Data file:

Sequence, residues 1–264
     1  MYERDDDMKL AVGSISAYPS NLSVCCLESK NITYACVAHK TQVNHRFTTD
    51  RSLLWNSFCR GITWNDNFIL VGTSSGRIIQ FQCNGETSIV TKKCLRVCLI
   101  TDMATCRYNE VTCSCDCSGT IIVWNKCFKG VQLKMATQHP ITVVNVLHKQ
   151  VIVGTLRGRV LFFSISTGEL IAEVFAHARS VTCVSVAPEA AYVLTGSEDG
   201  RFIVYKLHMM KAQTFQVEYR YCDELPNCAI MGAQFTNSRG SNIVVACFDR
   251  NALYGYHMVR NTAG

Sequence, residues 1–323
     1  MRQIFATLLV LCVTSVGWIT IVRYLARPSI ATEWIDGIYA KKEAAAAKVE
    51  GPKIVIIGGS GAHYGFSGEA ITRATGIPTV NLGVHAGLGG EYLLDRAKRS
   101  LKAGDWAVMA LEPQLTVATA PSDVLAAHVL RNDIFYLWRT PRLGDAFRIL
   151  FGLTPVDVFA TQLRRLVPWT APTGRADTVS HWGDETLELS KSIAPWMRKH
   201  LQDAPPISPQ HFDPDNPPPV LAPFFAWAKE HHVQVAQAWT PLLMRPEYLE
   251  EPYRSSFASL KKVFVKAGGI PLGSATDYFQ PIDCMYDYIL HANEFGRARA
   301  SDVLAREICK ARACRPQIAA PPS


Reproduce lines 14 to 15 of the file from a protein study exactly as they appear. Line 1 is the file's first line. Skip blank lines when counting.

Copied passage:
   251  EPYRSSFASL KKVFVKAGGI PLGSATDYFQ PIDCMYDYIL HANEFGRARA
   301  SDVLAREICK ARACRPQIAA PPS